Sound Reactive Drums of Trailing Light

If you’re going to be the drummer in a band for a Back to the Future themed New Years Eve party, you really need to add something to your gig that captures that kitschy futuristic ambiance as seen by the 80s. Rainbow LEDs will do the trick.

For his drum set’s reactive trailing light display, [Alec Smecher] was inspired by a similar project he’d seen in the past where Neopixels were added to a regular drum kit and activated with several individual microphones. Since the microphones ultimately heard all of the thundering noise from every drum and cymbal at once, there was a lot of bleed over in the response of the LEDs. To remedy this, [Alec] used piezo pickups which listen to discrete surface vibrations rather than sound in order to clean up the effect produced by the lights. Each of the five LED strips lining the stands of his cymbal and inside of his drums were programmed to react with a burst of light equal in brightness to the intensity of the vibration sensed by the piezo.

To insure everything kept together amidst all the constant motion and shaking during performance, [Alec] soldered his connections directly onto his Trinket’s pins as well as the fragile pickup of the piezo. The pickup of the sensors were taped directly against the skin of his drums and along the inside of each cymbal to maximize responsiveness. After ringing in the new year appropriately as the ‘band from the future’, [Alec] reports that his colorful addition worked fantastic the whole night.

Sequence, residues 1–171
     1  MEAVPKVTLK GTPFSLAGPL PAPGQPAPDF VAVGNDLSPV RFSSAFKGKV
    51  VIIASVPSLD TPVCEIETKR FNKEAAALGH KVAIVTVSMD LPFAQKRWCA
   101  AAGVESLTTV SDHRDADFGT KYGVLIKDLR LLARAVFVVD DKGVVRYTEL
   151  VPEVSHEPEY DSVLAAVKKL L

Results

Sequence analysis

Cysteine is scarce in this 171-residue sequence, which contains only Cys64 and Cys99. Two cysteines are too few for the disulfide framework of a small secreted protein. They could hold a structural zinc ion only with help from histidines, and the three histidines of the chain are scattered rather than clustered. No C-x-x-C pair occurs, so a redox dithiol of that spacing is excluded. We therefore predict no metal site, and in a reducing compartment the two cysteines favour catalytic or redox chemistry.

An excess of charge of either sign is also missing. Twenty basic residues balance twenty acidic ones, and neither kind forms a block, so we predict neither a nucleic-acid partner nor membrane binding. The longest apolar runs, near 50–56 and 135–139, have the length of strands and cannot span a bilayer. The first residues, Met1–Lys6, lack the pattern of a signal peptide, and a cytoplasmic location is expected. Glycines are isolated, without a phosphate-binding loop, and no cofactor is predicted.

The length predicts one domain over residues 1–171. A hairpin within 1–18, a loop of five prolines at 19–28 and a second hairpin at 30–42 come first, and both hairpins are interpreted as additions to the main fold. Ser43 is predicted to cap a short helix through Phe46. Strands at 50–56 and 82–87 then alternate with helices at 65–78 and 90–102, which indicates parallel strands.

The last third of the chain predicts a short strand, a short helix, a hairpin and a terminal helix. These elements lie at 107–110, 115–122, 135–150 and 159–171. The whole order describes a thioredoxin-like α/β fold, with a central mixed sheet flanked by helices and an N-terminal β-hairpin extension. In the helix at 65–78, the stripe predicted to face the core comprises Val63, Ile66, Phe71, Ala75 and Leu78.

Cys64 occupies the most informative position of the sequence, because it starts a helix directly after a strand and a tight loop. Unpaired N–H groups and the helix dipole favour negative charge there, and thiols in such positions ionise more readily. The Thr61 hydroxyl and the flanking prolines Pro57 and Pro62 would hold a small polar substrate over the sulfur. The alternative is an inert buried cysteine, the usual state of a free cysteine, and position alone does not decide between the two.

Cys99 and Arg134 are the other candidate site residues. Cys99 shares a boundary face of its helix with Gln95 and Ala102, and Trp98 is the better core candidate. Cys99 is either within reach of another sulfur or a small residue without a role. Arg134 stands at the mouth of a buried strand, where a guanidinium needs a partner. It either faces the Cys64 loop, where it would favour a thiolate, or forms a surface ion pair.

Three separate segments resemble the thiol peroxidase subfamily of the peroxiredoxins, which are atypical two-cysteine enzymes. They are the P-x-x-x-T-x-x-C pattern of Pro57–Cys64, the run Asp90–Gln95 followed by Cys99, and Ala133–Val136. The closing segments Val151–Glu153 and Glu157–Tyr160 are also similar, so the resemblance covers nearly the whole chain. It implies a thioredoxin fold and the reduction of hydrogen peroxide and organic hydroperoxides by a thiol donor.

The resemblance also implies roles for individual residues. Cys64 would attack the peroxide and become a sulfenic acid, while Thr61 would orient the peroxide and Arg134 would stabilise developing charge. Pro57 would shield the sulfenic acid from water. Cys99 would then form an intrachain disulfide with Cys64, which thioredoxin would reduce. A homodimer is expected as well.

Those interested in building their own can find a nice schematic on [Alec’s] blog as well as the code he used on github. Difficulty level taken into account, this is a great first project for a musician who has yet to dabble in electronics… and seeing that it’s a brand new year, there’s no better time to have a go at something new.

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MIDI drums for Guitar Hero and Rock Band

Embedded above is [egyokeo]’s solution for using MIDI drums with Guitar Hero. He’s playing a DrumKAT MIDI kit. It connects to a PC running his MIDI Hero software, which handles timing and multinote combinations. The PC uses a USB ToolStick microcontroller to send commands to the console using an FPS adapter or soldered into the instrument. It’s a fairly good solution if you’re building a generic controller and need to modify the signaling.

When Rock Band was first released, modders sought to adapt their MIDI drum kits for use with the game. The easiest solution they found was Highly Liquid’s MSA-P. It’s a photorelay based MIDI decoder. You need to solder directly to the brain in the Rock Band drums. If you’re planning on modding any instrument, check the compatibility matrix first. Hopefully you’ll end up with something that can be used across multiple games.

[via Gizmodo]